By Lee Sibley 3 weeks ago
My Porsche Story: Horrible Histories
DNHC member Russell Quirk (@911_Addict) shares a cautionary tale on the importance of safeguarding your Porsche's historical paperwork…
This week I’ve been knees-deep in history - but not in a good way. I don’t mean that I’ve strained my memory banks to help my teenage daughter write an essay on the Russian Revolution. Nor have I been metal detecting or traipsing around London’s museums.
No, this week I have been filled with dread over history that’s rather closer to home - the maintenance, mileage and ownership records for my cars.
I recently bought a lovely, honest 1979 911 SC, a car exactly as described from when I first enquired about it, including the fact the service history had been lost by the previous owner.
Undeterred, I thought I’d don my deerstalker and go all Sherlock Holmes on the matter to see if I could trace some of it, given that the car had spent all its life in Norfolk, supplied by what was Lancaster Norwich. Anyhow, it turns out it’s pretty hit and miss trying to find evidence of a car’s early workshop exploits from back in a day where filing cabinets, rubber stamps and printers were the means of recording provenance rather than ‘in the cloud’.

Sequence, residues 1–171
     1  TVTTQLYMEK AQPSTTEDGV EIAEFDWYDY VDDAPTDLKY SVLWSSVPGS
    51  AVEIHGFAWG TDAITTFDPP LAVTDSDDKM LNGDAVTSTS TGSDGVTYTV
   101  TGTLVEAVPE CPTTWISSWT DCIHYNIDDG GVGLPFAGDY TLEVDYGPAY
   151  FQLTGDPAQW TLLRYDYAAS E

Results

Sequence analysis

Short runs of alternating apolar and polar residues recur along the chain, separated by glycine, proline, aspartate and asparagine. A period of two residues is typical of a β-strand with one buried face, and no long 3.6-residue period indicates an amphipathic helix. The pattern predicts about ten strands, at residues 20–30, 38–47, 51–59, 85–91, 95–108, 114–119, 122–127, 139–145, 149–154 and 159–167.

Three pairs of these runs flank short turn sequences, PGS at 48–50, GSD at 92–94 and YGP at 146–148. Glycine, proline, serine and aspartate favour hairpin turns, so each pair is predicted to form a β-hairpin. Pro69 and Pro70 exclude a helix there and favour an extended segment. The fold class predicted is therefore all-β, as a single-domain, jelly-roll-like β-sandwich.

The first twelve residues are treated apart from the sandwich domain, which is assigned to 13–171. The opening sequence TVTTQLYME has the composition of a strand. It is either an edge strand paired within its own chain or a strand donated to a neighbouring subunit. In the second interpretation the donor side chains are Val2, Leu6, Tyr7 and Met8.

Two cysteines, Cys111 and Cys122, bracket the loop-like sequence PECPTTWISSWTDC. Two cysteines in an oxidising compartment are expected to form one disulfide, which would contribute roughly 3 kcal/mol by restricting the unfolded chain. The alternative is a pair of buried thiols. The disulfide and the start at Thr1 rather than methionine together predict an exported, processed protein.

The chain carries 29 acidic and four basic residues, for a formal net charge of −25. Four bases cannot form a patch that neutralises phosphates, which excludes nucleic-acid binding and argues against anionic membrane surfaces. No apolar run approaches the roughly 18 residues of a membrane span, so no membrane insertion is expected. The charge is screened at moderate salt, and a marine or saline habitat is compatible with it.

Without much to show for my detective work despite some friendly calls back from Norfolk’s finest Porsche specialists, this episode got me thinking… if you own a classic car from the 60’s, 70’s or 80’s and the paperwork is stolen or goes up in smoke, what do you do? I mean, buying a 2.7 RS with no history or a Ferraro Dino which is, to all extents, anonymous, will surely affect value. Quite considerably.
Ah, decent classic car insurance will no doubt cover this problem if it were to occur, right? The insurer would surely pay out for the difference between the car’s worth, with versus without records?
My insurer, otherwise excellent, was somewhat regretful in confirming to me that ‘No, I’m sorry but lost or destroyed documentation would not be covered’.
Shit. Chopping, say, 20% off the value of a car with lost books conjures quite a loss and not one that Mrs Q would allow me to wear given that, until now, I have managed to convince her that a chunk of our savings are better off in Stuttgart’s finest rather than in a boring FTSE tracker fund.
Determined to find a solution, my next port of call was to check my home insurance cover. And again, it transpires that ‘valuable documents’ are not generally covered.
And so as I continue to explore specialist insurers, safety deposit boxes and to bribe my kids to spend the weekend scanning all of my car paperwork into Google Drive, I write this as a cautionary tale. Forewarned is forearmed.